Monday 7 April 2014

Animal Upon Animal (Tier auf Tier)

An animated and wobbly stacking game - designed for kids, but still fun for the young at heart.

Original cover

What I would call an impossible stack as depicted on the back cover: I have never seen a stack built that high with adult players - so how did these kids do it?!

Name: Animal Upon Animal (aka Tier auf Tier) (2005)

Different Versions:

Animal Upon Animal: Balancing Bridge (2010) (which looks more interesting than the original - I don't own this though)

Balancing Bridge, as advertised by Haba on the back of the box (at the time of writing, on, this version costs approximately $59 including shipping for this version of the game).

Because I already have the original I wouldn't go for this (well, I might in the future, but it's definitely not a priority given what the new games I could obtain for the same amount of money). However, in hindsight, if I had known this version existed, I would probably pay the extra dollars to get this version.

However, it probably doesn't matter too much - the graphics do look nice though.

Animal Upon Animal: Rotate

The Rotate version seems to incorporate a spinning element - which makes the game considerably harder (play a piece and spin the wheel once? and I read that you also have to make an animal noise - if you want to play it that way..)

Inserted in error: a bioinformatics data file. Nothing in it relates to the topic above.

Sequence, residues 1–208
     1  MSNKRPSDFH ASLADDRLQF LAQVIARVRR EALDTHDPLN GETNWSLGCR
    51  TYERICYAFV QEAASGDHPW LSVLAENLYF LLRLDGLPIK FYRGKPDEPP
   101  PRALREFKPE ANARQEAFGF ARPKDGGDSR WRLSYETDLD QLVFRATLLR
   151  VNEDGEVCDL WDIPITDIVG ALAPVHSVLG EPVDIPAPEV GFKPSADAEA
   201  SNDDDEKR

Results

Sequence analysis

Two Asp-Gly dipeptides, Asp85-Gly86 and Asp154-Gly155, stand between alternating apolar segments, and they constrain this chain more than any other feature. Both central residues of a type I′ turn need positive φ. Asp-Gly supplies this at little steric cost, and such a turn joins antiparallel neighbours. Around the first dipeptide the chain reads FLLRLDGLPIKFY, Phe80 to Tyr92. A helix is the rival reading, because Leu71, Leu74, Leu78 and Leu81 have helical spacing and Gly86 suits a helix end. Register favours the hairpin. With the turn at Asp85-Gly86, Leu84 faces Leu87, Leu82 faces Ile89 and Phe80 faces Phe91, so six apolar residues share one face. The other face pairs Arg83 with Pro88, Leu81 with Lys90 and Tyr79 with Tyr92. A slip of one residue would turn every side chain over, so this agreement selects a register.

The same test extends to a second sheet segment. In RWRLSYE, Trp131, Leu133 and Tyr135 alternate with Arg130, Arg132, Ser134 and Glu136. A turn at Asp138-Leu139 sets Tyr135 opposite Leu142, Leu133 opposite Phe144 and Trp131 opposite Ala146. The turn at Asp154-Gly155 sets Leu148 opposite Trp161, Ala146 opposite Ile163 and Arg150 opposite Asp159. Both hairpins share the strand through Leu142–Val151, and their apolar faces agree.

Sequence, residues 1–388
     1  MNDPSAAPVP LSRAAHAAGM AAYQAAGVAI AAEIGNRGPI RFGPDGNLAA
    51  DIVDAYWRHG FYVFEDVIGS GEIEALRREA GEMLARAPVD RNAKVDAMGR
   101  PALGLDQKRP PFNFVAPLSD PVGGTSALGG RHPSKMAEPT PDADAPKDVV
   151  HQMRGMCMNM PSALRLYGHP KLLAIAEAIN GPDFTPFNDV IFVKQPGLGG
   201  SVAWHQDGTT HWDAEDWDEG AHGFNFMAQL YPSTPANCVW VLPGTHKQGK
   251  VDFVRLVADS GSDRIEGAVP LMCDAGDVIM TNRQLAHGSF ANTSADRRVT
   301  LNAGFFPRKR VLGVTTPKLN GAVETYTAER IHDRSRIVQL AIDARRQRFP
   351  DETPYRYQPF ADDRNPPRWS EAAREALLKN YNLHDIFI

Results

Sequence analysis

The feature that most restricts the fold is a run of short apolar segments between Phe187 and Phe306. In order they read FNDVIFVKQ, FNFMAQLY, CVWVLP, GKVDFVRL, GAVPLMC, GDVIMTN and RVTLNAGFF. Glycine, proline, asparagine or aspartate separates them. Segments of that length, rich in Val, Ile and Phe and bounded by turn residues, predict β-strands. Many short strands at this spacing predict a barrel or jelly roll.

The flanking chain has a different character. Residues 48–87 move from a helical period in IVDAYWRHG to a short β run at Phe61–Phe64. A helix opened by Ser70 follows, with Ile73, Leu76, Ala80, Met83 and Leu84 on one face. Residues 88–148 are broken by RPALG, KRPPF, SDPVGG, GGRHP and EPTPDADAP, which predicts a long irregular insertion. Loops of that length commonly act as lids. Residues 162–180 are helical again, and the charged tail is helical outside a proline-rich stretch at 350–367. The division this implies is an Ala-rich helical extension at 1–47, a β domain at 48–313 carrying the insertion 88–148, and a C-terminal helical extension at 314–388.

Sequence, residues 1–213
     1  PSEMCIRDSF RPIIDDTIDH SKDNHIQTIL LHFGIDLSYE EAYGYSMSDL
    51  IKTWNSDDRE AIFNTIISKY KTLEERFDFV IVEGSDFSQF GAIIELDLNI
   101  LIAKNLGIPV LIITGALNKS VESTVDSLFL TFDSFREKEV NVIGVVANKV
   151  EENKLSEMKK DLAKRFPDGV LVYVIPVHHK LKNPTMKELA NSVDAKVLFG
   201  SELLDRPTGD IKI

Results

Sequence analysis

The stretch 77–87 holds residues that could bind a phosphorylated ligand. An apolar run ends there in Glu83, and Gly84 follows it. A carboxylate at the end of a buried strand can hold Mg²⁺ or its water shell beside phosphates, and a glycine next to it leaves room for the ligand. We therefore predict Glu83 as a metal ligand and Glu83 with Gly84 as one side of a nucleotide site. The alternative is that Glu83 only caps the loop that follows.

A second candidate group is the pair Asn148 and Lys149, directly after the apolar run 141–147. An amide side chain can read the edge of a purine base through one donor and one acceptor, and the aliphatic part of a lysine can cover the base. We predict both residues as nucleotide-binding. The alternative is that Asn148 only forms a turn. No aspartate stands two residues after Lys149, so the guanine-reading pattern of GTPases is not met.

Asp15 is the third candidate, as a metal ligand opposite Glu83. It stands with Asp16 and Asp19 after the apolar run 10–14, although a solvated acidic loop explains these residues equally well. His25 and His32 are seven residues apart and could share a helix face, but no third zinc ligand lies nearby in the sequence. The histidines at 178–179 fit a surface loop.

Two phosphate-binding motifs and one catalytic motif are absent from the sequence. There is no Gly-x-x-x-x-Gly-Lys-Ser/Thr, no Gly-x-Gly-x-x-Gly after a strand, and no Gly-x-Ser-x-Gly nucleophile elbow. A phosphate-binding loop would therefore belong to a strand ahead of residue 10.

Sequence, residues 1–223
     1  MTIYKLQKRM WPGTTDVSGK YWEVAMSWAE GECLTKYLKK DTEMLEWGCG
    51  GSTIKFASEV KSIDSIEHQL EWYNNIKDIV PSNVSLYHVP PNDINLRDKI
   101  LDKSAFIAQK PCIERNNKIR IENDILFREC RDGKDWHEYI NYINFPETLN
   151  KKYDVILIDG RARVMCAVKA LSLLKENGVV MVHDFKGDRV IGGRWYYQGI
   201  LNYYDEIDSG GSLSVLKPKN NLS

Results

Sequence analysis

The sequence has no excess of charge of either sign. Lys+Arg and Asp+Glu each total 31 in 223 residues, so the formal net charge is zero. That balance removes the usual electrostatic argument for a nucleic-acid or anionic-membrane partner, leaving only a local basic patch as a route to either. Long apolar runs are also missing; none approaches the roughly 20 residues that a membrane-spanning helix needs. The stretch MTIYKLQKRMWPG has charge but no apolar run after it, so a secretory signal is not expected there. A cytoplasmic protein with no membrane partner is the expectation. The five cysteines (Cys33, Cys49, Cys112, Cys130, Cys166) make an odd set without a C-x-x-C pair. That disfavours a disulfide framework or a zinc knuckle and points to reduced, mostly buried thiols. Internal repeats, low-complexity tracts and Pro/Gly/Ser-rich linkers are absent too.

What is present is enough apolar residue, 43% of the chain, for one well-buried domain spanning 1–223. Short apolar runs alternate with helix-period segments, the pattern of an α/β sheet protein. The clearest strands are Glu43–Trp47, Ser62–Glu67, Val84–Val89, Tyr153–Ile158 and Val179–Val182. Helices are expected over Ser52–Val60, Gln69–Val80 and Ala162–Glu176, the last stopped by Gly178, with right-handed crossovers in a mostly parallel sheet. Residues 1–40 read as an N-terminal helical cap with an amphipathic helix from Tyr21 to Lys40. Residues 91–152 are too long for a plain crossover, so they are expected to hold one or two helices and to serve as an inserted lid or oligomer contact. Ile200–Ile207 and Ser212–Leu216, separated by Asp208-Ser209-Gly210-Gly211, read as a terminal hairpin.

Publisher: Haba

Designer: Klaus Miltenberger

Players: 2 to 4

Age: 4+

Time to play: 15 minutes

Price Range (AUD): $32 to $65. The lower end of the range I just game is more reasonable but it's still slightly pricey. The pieces are made from good wood though and are coloured well.

Availability:  Not commonplace but it exists online - just like most games, shipping can make this game unreasonably expensive.

  • Dexterity
  • Kids
  • Stacking

Andre Lim's Rating and Brief Summary:

6.5+* out of 10. (Decent - See my Rating Scale)

Stack all your animal pieces without collapsing the stack. That is essentially all there is to this game.